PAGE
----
Wednesday, August 27, 2008

Simpler Times

What do you think this place was in its day? A gas station? Or, as we used to say back when people actually helped you out, a service station? A grocery store? I vote for a combination service station/supply store myself, but perhaps one of my local readers can tell me for sure what this place really used to be. For all I know, this was once a railroad station.

We all know I won't have the facts straight.

For the record, when I was alternating between standing in the middle of the road and trespassing, a car loaded with people pulled up. I was preparing my "I'm just taking pictures not trespassing and I am really not some lunatic, well, arguably," speech when I realized I knew the driver.

I was safe. This time.

This delightful building is located down Shadow, which is on the way to New Point. Notice how small it is. Assuming this was once a commercial building (and let's just go with that for the sake of argument because I'm trying to make a point, stay tuned, it's coming), you can bet there were no ATM's, no racks loaded with mindless magazines, and no day-old hot dogs swirling in their own grease under a heat lamp. Not that I have anything against all that. In fact I resemble that remark about the hot dog. Or rather, sometimes I feel like I am swirling in my own filth under a heat lamp. Or sometimes I feel like a day-old hot dog. Swirling. In grease.

Let's continue, shall we?

Regardless of what this was, I'm merely trying to say things were different not that long ago....much simpler, much more basic and without all the Stuff. By Stuff I mean too much stuff, too many choices, too much of everything.

Speaking of simpler times (and we were, weren't we?), I often think about the differences between my childhood and how my children live now.

When I was growing up, there were three or four TV channels at most, and none of them were geared towards children. Cartoons aired on Saturday morning, and Walt Disney movies were Sunday night. Other than that, any television we watched was pretty much this: the CBS Evening News with Walter Cronkite, roller derby and Match Game 76.

My kids can't go anywhere without their hand-held electronic games. They watch any number of the multiple channels that air children's shows 24-hours a day. For goodness sakes these days most vehicles come equipped with individual DVD players for each child presumably to provide entertainment. The Chesapeake Bay Family drove cross country and back squashed in a Volkswagen van. All I had was a book and endless hours of daydreaming, staring out the window, and poking Middle Sister. We were gone for a month and didn't see TV the entire time.

Below is something I wrote in my diary when I was 10:

July 14, 1975

Dear Diary,

Today I had fun. This morning we played the Game of the States. It was fun. Then I went to Neighbor Girl's house. We picked blackberries and grapes. Then we went to the pool, but it was raining. So we played in the rain a little.

-Chesapeake Bay Child

So let's dissect this a moment:

1. I played a board game, which consisted of a cardboard playing surface and pieces shaped like states.
2. The game was (gasp!) educational.
2. I thought that was fun.
3. I then walked to my neighbor's house and we picked ourselves some fresh fruit, right off the vine. (No Yo-Gos, fruit (?) roll-ups or goldfish for us.)
4. We then intended to exercise more, by swimming.
5. Except it was raining, so we just amused ourselves by lollygagging and splashing around in the mud puddles.
6. Things were so much simpler then.

I am starting to sound like my grandmother, but I do wish we could go back to simpler times.

In the meantime, I'm off to Zooms to use the ATM machine, buy a People magazine and eat a hot dog that's been swirling under the heat lamp. Swirling in its own grease.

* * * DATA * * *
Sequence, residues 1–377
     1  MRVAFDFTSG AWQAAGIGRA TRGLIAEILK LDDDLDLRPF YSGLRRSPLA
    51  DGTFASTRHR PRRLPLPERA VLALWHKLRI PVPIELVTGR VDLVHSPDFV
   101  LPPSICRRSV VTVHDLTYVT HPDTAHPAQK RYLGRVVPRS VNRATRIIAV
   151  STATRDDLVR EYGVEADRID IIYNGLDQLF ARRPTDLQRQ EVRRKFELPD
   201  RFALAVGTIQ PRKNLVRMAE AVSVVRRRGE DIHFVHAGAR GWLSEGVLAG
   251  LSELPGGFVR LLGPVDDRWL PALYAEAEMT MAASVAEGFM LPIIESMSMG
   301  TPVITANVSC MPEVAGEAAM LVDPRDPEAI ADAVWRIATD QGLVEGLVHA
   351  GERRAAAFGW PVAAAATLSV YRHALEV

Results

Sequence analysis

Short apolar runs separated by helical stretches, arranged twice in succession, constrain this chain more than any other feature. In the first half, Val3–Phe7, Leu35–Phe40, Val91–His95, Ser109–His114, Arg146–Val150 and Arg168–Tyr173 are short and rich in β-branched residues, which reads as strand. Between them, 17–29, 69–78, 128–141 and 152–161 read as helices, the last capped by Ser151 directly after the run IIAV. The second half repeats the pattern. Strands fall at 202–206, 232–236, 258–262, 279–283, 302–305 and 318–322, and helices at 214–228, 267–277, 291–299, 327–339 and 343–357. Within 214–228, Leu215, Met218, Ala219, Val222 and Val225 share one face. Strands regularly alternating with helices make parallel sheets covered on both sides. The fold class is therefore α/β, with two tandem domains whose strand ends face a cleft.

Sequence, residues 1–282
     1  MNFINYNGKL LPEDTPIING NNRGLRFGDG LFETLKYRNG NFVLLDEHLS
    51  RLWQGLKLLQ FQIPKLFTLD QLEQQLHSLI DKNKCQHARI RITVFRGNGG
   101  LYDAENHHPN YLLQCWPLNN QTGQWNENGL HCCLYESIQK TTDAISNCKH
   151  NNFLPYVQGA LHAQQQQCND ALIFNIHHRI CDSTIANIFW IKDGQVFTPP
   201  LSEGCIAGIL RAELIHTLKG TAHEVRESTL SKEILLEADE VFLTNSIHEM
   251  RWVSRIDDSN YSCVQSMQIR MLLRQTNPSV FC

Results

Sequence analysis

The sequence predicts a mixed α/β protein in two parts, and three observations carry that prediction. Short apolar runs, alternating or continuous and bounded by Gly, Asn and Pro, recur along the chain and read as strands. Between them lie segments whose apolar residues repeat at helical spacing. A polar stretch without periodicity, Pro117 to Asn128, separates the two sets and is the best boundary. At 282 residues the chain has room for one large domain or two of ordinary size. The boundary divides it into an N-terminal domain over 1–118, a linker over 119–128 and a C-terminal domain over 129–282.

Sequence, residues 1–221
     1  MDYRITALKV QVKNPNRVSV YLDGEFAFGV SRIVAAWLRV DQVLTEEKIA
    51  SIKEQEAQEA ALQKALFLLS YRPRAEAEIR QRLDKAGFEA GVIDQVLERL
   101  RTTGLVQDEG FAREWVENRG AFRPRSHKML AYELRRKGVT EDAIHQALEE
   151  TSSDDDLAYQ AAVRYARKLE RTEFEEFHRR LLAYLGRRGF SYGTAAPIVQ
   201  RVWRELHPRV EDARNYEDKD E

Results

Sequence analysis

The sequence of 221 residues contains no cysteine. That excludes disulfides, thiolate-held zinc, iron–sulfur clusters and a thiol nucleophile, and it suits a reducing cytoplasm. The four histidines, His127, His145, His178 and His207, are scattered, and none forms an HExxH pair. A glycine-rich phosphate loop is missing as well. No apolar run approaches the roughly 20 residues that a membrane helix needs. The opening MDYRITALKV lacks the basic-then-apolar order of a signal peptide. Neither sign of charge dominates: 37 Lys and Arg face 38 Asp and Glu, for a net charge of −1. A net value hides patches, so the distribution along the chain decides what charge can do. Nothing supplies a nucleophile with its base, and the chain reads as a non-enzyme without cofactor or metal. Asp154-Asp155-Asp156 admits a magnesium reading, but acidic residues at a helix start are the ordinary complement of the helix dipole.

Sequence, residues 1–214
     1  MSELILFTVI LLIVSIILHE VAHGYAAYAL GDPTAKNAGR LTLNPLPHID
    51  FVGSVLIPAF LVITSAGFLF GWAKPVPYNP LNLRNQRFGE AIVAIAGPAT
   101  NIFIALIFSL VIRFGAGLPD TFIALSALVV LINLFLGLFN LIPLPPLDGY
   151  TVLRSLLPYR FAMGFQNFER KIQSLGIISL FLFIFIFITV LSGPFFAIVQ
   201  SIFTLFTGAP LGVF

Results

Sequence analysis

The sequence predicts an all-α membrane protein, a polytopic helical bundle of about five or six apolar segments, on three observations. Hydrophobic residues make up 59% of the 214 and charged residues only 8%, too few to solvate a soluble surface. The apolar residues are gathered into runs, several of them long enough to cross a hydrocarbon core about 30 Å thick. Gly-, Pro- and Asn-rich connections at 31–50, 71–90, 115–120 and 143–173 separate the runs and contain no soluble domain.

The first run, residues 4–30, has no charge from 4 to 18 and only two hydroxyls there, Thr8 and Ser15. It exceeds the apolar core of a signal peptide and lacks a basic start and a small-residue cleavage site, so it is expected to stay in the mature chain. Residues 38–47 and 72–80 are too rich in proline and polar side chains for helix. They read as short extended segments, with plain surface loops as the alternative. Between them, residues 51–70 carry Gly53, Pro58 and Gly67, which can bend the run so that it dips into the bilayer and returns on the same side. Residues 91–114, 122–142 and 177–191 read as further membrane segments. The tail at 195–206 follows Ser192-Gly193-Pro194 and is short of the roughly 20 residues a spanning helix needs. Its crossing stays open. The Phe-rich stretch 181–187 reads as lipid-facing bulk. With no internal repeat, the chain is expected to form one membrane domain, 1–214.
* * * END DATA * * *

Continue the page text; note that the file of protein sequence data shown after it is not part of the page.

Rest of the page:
I don't understand why I like saying that so much.

Time to stop this swirling nonsense of a post right now. You may now wake up.

The End.


Mental P Mama said...

I remember those days. My children still can't believe that I grew up without "anything to do." If they only knew...Now I sound like the granny.

MommyTime said...

Yes, we spent hours upon hours playing kick the can in the street when I was growing up. The required supplies for this game were children (shoes optional) and a can. I wish my kids could have this too when they get a bit older.

I think that building was a tiny general store, and the giant portico was for sitting and rocking under when you were old or it was raining.

Grandma J said...

Boy can I relate! We amused ourselves doing bizarre things like go treasure hunting, which consisted of wandering in the middle of nowhere, search for junk. Or we built forts out of Mother Natures castaways.

The building reminds me of an old gas station that might have had a mini store inside. The merchandise might consist of a chest style soda machine for nickle cokes. The kind that has all the bottle upright, secured in channels and sitting in ice cold water. I hope I'm not the only one who remembers this type of vending machine.
The mini store might have a spin rack of post cards and maybe some road maps.

Now if you'll excuse me, I'm going to fry up a hotdog for breakfast, and while it's swirling in grease, I'll freshen up my coffee.

bellalately said...

I totally hear and understand what you're saying. But, I have to say I'm very glad to have technological advancements like the swiffer sweeper and mop! ;)

But, I do see how when we were kids we were forced to develop social skills (read: beat the crap out of each other to show who was 'boss'). Now, our kids are isolationists, even with all of their 'connectivity.'

Big Hair Envy said...

It definitely looks like an old General Store. It may have even housed a Post Office. I'm sure there was a woodstove inside!

You forgot to mention that "Wild Kingdom" came on right before Disney on Sunday night!! We loved both of those shows :)

Anonymous said...

This post scares me a bit, because I had a conversation with my "mumma" on almost this exact topic the other day. Except the focus was slightly different: I am constantly surprised that everyone else is surprised that there is an obesity problem in this country today.